Over the weekend I was reading through some Charlie479 (who I’ll introduce below) posts on Value Investors' Club (VIC). He recommended in 2001 a company called Winmall & Co (WNMLA), a small, illiquid, management-controlled stock that was selling for about 43% of net cash.
Below is an interesting comment Charlie479 made in response to another comment that stated that while the stock was in fact cheap, it wasn’t a great investment because it had been cheap for a long time and could remain cheap forever as long as management maintained control and refused to do the things necessary to improve value (the same story that is the case with many other net-nets).
Here is the reply to that theory from Charlie479 (I combined two of his comments from that post, and the emphasis is mine):
"It is always amazing to me how many people will turn down the chance to buy $1.00 of cash for $0.40 because 'you'll never see full value.'" Let me ask you this: Would you ever pay $1.00 per share for a money-market fund with $1.00 per share of NAV? If that same fund offered to give you (for no compensation) shares in another money market fund worth $1.50 of NAV but that fund had a five-year lockup, would you take those shares? I'll bet your answer to the first question is yes (just about everyone who owns a brokerage account has bought a money market fund) and if you the answer to your first question is also yes, then the logic of panning WNMLA because "you'll never see full value" is worth revisiting...
...Actually, I think the main reason these types of companies sell at those prices is because most folks won't touch them until they think they have the scoop that the company is about to be sold. There is a shortage of investors that are willing to be patient and wait for the $0.45 to be liquidated into a dollar. This creates the opportunity.
I think there is just a slight disagreement between us on investing styles. I am happy to buy dollar bills for $0.45 and wait for payday to come around (as long as there is no cash burn and there are signs that management is headed in the right direction, such as selling off the brokerage and real estate operations). I don't feel that I need to have the press release of the sale of the company in my hand to feel safe. As long as I know that I have more than $2.00 of net cash behind each $1.00 I put up, and that there are certain clues as to a potential payoff, it's not a terrible proposition.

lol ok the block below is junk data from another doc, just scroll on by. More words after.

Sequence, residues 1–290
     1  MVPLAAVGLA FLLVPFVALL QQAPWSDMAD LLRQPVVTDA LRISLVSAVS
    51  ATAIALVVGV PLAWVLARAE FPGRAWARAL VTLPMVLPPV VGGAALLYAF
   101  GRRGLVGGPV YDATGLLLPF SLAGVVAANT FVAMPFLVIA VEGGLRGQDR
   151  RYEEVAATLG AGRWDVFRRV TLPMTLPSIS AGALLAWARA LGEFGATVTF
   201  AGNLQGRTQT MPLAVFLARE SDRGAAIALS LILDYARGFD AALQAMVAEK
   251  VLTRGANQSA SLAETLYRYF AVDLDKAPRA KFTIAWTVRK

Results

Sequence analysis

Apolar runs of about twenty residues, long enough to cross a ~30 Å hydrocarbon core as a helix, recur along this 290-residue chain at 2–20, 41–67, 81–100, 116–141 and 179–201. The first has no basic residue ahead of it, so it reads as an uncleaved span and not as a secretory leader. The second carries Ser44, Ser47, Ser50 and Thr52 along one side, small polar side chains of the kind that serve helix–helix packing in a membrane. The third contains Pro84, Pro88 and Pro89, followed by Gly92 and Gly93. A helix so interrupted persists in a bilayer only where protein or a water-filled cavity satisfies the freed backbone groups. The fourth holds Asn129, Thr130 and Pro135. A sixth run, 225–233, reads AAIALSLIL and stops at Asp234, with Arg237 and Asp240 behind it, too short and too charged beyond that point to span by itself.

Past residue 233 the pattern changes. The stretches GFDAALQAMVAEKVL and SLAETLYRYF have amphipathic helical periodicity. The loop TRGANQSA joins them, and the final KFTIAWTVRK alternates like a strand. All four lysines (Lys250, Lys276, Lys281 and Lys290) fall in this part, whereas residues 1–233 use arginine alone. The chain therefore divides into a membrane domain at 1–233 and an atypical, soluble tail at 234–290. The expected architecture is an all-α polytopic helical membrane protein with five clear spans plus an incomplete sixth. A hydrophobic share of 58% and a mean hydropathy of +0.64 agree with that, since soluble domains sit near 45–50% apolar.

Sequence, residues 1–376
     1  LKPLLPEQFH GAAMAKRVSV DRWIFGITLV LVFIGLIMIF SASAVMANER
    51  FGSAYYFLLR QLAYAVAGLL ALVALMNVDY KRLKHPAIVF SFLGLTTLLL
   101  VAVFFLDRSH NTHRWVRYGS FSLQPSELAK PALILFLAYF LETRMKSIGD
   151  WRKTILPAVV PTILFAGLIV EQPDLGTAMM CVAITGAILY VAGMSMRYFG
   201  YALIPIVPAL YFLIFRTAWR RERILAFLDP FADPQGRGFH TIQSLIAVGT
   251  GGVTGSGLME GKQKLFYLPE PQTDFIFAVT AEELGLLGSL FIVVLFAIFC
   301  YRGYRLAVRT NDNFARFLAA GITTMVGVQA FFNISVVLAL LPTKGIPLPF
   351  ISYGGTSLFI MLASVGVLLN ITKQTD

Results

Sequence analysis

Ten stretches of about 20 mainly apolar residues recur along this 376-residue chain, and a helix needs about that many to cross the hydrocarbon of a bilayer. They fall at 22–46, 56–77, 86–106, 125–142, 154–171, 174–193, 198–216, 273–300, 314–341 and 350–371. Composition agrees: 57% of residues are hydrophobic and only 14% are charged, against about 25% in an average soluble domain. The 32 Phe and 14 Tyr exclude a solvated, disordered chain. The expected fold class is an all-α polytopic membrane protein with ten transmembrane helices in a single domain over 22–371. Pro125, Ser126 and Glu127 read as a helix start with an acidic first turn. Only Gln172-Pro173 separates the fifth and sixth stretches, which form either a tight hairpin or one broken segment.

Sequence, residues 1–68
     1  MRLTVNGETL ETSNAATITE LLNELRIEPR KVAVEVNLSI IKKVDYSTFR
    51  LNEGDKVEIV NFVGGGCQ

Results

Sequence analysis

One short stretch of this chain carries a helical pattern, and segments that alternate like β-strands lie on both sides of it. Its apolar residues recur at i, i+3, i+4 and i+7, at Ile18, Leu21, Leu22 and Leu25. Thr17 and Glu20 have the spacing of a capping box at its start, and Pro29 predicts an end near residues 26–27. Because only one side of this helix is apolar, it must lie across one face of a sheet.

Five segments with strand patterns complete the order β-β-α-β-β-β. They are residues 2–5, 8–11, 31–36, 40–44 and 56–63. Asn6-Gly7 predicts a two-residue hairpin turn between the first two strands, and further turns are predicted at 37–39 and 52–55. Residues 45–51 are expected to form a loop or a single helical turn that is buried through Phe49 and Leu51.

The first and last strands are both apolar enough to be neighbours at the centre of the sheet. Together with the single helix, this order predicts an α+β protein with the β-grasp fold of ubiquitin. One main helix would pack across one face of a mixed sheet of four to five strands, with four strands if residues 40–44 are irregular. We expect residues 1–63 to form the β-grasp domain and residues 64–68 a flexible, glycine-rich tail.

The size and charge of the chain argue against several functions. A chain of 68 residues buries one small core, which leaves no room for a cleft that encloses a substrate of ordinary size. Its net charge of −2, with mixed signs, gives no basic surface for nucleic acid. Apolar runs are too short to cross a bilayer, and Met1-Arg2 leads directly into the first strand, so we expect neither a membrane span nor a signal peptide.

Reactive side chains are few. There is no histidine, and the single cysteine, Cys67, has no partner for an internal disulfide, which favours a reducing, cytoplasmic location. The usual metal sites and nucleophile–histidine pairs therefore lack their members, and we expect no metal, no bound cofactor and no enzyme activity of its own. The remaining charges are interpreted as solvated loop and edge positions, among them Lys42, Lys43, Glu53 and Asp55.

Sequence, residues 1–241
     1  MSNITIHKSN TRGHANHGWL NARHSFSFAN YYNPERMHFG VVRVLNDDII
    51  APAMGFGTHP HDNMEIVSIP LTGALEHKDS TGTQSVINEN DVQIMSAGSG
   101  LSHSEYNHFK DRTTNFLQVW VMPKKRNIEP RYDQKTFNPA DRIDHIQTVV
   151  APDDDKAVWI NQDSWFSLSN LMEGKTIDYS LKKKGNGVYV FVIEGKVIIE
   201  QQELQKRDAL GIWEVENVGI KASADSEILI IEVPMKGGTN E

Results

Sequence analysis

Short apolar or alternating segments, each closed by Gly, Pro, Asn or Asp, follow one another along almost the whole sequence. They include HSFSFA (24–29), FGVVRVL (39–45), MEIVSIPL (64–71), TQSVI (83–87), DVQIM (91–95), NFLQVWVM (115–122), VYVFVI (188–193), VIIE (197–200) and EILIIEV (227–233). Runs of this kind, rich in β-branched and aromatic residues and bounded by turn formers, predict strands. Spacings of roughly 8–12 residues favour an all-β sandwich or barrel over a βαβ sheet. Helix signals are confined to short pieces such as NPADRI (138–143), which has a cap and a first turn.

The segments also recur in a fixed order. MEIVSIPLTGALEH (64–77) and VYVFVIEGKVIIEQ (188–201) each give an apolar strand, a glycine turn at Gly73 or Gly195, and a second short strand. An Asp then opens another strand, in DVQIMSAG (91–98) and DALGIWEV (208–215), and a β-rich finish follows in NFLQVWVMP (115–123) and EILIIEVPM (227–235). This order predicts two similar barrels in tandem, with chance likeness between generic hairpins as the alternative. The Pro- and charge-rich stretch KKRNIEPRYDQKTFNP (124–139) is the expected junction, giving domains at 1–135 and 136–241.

I do agree with your broader message: This is a cigar butt. I willingly advertise this idea as such. Cigar butts are inferior to great operating companies with defensible market positions generating 25% ROICs and selling at 8x P/E (see my NVR post). However, there are *extremely* few of these high quality companies that are trading for low values. Coke is a great company but fully priced. Ditto for Moody's, American Express, etc. The companies that don't have high multiples are usually average businesses that will produce average long-term rates of return on capital. Look at the VIC board. It is littered with low P/E stocks with either unexciting returns on equity or very high leverage. I'd say that the WNMLA-type cigar butts have better risk/reward than both of these two types of low P/E average businesses. I'd prefer to let cash sit in these asset-rich situations (which have potential 100% returns if any of the catalysts play out) until some of the great operating companies fall back down to 10x P/E.
That's Great, but Who Is Charlie479?Charlie479 is an outstanding investor turned fund manager, who runs a fund that has produced excellent returns since 2004. (Charlie is not his real name — just his username that he used for his write-ups on Joel Greenblatt’s Value Investors Club. I’ll simply refer to him as Charlie.) Joel Greenblatt was a big fan of Charlie’s write-ups on VIC, and he eventually helped Charlie launch his fund, which now has over $100 million of assets under management. Charlie reportedly produced annualized returns of around 38% from 1994 to 2003, and since the inception of his fund through 2011 (which is the most recent data I have) he has produced about 14% returns (net of all fees) vs. about 2% for the S&P 500.
In short, he’s an outstanding investor with a great long-term record.
Charlie Liked WNMLA, but Loved NVRI first heard about Charlie479 from watching Joel Greenblatt’s MBA class at Columbia. Greenblatt loved Charlie479’s simple, clear and concise write-ups on VIC, and made a few of them into case studies that he used in his MBA classes at Columbia. One of Charlie’s big investments was NVR, the homebuilder that was trading at single-digit earnings multiples despite operating an excellent business model that produced outstanding returns on capital.